China, whose $2.45 trillion in foreign-exchange reserves are the worldÃ¢â‚¬â„¢s largest, is turning bullish on Europe and Japan at the expense of the U.S.
The nation has been buying Ã¢â‚¬Å“quite a lotÃ¢â‚¬Â of European bonds, said Yu Yongding, a former adviser to the PeopleÃ¢â‚¬â„¢s Bank of China who was part of a foreign-policy advisory committee that visited France, Spain and Germany from June 20 to July 2. JapanÃ¢â‚¬â„¢s Ministry of Finance said Aug. 9 that China bought 1.73 trillion yen ($20.1 billion) more Japanese debt than it sold in the first half of 2010, the fastest pace of purchases in at least five years.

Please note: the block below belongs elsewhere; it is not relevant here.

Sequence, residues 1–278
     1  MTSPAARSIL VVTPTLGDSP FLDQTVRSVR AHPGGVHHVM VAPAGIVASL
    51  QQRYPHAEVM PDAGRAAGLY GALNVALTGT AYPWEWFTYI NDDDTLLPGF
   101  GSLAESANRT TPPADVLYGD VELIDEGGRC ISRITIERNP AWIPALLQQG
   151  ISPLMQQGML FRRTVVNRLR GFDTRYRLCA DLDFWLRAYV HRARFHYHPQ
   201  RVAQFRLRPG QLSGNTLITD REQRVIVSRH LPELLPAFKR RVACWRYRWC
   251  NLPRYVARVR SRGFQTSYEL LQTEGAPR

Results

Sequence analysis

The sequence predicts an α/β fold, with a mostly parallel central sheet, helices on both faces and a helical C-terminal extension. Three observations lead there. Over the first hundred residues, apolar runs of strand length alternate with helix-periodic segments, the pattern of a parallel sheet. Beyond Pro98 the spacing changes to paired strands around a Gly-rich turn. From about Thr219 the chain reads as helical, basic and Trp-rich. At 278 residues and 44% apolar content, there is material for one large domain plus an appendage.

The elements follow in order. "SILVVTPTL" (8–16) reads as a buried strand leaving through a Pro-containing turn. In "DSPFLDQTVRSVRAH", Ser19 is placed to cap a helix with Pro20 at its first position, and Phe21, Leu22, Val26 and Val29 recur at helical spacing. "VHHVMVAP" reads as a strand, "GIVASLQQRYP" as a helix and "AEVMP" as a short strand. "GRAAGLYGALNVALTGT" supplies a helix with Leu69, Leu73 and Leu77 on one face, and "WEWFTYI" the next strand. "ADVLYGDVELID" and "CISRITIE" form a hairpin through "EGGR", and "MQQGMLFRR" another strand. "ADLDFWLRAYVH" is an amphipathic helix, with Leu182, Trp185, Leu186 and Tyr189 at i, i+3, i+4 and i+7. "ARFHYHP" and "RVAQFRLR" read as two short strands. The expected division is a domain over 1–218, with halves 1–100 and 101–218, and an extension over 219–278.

Ã¢â‚¬Å“Diversification should be a basic principle,Ã¢â‚¬Â Yu said in an interview, adding a Ã¢â‚¬Å“top-level Chinese central bankerÃ¢â‚¬Â told him to convey to European policy makers ChinaÃ¢â‚¬â„¢s confidence in the regionÃ¢â‚¬â„¢s economy and currency. Ã¢â‚¬Å“We didnÃ¢â‚¬â„¢t sell any European bonds or assets, instead we bought quite a lot.Ã¢â‚¬Â